He does make sure that he requests not to be on call for weddings or funerals but his volunteer job as an assistant kids summer league baseball coach gets put on hold when he needs to respond to a wildfire.

"My bag is always packed. It's 95 percent packed 100 percent of the time," Millette said. "If you are on PL1 or PL2 there is less chance of you getting called out but you still need to have your bags packed."

And his sense of duty keeps him on call. "You're called to do it," Millette said. "You are responding to a national effort."

Millette said he likes the camaraderie that comes with fighting wildfires. He conducts prescribed burns on local USFWS land in the spring. Fighting wildfires takes similar skills.

"You are doing similar things, but, you are learning new ways to do things," he said.

Wildfire response requires a span-of-control structure that's been in use since at least the 1970s, Millette said. One incident commander is in charge of the whole operation but he works with several core people who command pieces of the structure. Millette has served as a division leader and in other roles on wildfires.

For firefighting purposes, the impacted acres of a wildfire are split into divisions. Each division has a division leader who is responsible for his portion of fire response.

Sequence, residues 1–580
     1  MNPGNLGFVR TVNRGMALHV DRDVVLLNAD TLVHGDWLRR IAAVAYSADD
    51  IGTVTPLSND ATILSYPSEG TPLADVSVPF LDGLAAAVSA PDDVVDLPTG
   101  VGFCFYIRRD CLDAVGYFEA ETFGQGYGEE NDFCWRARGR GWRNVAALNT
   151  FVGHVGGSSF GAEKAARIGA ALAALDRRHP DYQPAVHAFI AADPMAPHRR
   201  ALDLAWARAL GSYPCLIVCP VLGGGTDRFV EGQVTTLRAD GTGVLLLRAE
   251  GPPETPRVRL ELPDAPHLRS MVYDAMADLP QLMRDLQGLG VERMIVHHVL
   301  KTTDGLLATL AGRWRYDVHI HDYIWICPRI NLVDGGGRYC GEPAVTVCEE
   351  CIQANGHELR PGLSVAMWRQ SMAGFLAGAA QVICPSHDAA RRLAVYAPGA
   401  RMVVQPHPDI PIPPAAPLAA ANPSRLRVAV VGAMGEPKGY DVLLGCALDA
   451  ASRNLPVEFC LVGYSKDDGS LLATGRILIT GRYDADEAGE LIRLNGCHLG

"As a division leader, you have 50 to 100 people working for you. You don't have direct contact with all of them but you (are responsible)," Millette said. The structure under a division leader includes crews with their own crew leader.

"If possible you try to walk or drive your division each day," Millette said. Sometimes, he can only fly over his division.

The day usually starts around 5 a.m. and ends around 10 p.m.

"It's more mental stress than physical fatigue," Millette said of being a division leader. "You are managing a piece of dirt and 50 to 100 people. You have to make sure all the people are safe."

Any fire is dangerous, even the grass fires involved in prescribed burns, he said. "Grass fires burn really fast and can take you by surprise," Millette said. A prescribed burn requires a plan with an escape route.

Wildfires must be fought with the same care and attention, he said.